The RNLI was probably the first organisation that I knew was a charity. I understood that when I was spending summers at my grandad’s house on the Lincolnshire coast, if I heard two massive bangs, that would be the flares that would be sent up to tell the volunteer lifeboat crew to leave their homes and jobs and drive as quickly and safely as possible to the lifeboat station and get the boat out on to the North Sea. And I knew they were volunteers. I knew that by me spending my pocket money on a badge at the RNLI gift shop, I was helping to pay for people going out to save lives.
And it was the flares that told all-but-the-most-deaf of the town’s 10,000 inhabitants that there was an emergency off the coast. In the time it took the crew to get to the station, get the boat on to the slipway, onto the beach and into the sea, crowds of holidaymakers would be ready to watch the launch.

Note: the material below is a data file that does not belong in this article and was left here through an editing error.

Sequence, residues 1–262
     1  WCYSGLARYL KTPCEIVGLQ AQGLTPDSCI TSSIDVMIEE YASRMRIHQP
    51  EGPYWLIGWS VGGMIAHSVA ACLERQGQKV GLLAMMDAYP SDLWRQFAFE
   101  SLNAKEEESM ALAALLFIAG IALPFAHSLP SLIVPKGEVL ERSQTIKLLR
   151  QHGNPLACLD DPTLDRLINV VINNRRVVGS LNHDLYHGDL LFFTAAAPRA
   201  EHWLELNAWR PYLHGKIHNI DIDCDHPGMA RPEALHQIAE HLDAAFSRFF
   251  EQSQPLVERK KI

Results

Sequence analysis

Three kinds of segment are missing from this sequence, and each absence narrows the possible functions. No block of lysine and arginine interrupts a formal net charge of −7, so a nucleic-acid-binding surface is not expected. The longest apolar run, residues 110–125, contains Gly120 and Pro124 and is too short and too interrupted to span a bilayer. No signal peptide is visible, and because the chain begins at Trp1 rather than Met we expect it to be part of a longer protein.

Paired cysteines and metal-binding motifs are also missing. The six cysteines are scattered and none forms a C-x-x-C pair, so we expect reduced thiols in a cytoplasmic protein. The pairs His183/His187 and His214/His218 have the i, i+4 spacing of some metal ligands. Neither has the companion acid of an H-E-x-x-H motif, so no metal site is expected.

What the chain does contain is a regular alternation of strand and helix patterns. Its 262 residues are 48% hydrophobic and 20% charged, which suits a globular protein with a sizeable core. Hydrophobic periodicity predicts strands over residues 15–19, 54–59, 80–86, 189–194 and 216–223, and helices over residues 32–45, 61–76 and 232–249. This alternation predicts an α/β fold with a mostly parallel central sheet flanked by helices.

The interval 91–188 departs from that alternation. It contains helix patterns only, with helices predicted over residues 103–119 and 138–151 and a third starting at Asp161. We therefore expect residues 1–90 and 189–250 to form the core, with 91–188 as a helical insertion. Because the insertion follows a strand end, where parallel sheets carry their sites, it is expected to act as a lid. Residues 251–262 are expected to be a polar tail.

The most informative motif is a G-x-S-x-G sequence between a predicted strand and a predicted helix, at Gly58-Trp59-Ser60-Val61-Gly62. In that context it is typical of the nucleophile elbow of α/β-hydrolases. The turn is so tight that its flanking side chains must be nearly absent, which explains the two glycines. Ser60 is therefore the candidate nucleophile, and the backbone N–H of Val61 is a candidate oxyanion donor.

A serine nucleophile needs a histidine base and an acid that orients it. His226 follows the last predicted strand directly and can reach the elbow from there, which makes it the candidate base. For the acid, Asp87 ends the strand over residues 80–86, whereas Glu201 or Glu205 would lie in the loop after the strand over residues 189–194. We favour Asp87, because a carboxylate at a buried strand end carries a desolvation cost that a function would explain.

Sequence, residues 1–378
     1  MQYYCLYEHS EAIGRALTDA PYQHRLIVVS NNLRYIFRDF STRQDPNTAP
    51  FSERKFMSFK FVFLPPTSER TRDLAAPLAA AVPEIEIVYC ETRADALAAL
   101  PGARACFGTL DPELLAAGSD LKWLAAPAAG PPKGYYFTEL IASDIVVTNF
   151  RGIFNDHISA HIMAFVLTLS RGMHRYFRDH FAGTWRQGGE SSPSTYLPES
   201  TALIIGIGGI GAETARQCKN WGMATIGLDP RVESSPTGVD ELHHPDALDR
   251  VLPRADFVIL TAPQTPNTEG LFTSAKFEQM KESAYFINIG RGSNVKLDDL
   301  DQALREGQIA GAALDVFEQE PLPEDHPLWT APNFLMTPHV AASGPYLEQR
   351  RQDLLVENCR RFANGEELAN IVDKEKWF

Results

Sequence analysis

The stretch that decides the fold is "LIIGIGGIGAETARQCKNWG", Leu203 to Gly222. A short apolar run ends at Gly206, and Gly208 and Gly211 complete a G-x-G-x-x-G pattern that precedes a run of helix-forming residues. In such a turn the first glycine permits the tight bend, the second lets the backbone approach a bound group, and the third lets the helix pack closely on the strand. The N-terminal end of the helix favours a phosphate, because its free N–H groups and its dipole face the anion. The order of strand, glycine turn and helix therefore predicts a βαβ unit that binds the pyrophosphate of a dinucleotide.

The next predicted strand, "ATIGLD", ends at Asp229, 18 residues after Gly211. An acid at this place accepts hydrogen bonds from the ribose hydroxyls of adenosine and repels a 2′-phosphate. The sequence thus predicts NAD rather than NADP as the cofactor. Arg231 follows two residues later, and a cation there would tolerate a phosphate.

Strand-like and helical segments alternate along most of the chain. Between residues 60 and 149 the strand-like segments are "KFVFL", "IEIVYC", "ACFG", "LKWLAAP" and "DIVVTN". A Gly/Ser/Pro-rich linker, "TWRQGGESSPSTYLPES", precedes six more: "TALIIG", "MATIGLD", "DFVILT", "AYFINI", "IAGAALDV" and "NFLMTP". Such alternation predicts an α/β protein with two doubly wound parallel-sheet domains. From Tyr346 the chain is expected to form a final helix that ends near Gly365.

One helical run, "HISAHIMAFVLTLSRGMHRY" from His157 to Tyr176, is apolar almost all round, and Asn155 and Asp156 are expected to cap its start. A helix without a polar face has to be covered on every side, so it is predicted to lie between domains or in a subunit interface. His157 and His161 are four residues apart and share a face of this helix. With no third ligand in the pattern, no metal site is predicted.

Then mobile pagers came along and made the flares obsolete. And so unless you were working next to the butcher-cum-volunteer lifeboat crew member who would have to drop his large knife and run, you’d not really have any idea there’s an emergency occurring.
The fact that the pagers made the process of summoning the lifeboat crew electronic meant that once the internet came along, a website could be updated automatically when a lifeboat had been launched. Then soon the RNLI developed a desktop widget that you alerted you when a boat had been launched. And then they could text you to tell you that too.
And then came Twitter. And open data. And a volunteer called Dave.
Open data these days means organisations providing the public with spreadsheets and databases that people can read and geeks can do fancy things with. Before that came along, screen-scraping was big. Where the best way to get access to a organisation’s data was to write a piece of software to read what was on a web page and then do something with it.